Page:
It’s also educational but not in a way that makes it feel educational, which again means that parents are more happy for the kids to be watching it. And the animation and colouring is so vivid and vibrant, that it’s a joy to watch. 

LBB> You work with Adam Longworth on the voiceover for a number of characters and Alexander Armstrong on narration. What have been some of your favourite moments from working with them over the years?

Dom> Working with Adam is always amusing and a rollercoaster ride. He voices a large number of the incidental characters in Duggee, most of whom return in different episodes. Adam always has so many ideas as to what kind of voice/accent a character should have. And he never fails to deliver. These recording sessions are a lot of fun!

Xander is also amazing to work with. His comic timing is excellent and he adds little nuances to his delivery that really do bring the humour to kids and adults, again adding to that inclusive nature of Hey Duggee. He’s a real pro, so that makes my life a little easier!

LBB> And what about voicing with kids, what are some of the challenges that come with that? 

Dom> Voicing with kids does definitely come with challenges. Especially when they’re new to the process. The thing about Duggee is that the kids need to sound young and cute. The last thing we want is for them to have perfect elocution, as that would spoil the nature of the show. So all the main characters (squirrels as they are known) are voiced by very young kids between four and 10 generally.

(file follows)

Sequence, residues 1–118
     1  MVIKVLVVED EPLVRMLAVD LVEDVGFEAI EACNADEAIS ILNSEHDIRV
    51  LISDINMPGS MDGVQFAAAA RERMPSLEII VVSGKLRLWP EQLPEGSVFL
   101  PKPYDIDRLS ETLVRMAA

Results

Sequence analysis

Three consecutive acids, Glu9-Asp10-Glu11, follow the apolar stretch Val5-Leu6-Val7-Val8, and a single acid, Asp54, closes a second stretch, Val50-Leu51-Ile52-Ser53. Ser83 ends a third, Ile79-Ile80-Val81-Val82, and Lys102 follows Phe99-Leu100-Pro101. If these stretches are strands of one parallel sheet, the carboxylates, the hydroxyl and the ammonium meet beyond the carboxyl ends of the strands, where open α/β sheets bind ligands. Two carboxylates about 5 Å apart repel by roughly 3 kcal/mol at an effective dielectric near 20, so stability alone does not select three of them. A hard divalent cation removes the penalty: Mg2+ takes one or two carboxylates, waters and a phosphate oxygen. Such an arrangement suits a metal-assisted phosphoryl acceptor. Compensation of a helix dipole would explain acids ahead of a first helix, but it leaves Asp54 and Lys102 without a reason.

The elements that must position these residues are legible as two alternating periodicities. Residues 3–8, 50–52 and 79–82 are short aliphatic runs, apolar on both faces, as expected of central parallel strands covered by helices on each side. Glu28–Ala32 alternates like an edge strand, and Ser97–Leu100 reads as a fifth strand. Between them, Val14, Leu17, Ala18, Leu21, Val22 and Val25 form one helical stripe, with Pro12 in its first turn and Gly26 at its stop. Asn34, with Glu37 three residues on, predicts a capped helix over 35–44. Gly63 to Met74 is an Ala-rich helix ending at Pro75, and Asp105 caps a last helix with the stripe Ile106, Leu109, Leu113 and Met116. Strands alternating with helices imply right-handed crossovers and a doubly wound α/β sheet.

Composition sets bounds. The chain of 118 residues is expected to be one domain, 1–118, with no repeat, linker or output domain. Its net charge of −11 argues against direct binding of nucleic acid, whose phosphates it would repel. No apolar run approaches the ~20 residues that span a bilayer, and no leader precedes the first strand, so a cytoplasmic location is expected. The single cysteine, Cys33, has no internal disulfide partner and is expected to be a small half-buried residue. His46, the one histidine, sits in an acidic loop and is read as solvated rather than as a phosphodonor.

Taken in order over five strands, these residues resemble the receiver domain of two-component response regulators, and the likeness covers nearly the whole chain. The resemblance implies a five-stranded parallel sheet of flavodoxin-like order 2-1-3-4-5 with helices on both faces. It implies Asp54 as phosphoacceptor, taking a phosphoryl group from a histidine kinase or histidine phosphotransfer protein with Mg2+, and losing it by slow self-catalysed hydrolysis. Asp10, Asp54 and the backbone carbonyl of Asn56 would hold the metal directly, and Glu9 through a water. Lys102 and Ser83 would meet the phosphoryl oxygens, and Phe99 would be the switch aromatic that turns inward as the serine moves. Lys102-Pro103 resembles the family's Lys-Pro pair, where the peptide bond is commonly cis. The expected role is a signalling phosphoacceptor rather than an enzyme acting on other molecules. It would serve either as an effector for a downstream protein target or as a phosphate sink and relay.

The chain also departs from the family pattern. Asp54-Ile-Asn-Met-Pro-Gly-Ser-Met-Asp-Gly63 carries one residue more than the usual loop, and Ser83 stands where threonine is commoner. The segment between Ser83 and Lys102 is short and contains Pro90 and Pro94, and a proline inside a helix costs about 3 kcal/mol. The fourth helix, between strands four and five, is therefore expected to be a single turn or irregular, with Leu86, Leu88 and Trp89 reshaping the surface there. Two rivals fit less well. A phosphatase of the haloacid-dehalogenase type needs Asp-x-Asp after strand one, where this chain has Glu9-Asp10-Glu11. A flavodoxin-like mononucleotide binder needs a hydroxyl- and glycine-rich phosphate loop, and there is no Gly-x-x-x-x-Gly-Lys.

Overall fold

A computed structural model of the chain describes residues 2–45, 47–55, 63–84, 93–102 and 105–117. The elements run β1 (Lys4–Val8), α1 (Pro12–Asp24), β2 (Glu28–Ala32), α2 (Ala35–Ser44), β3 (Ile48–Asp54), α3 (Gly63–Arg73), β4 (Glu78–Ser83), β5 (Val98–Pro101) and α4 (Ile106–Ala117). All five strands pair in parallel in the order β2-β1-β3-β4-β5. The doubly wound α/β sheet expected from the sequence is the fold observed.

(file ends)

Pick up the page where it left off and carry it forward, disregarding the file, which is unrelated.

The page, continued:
When they are really young, it can be very hard. Kids that young find it very hard to stay still for much more than 30 seconds, so that’s challenge number one. They also take things really literally, so if, for example, they’re asked to say a line louder, you very often get the line SCREAMED at you. Which can be painful. Especially if you’re wearing headphones! Also, the take will be unusable. So that’s challenge number two.


Generally speaking, when the actors get a bit older, and the recording side of things have become a bit easier, they are becoming almost too good and their diction too polished so they tend to be replaced. So then you’re back to square one. Challenge number three.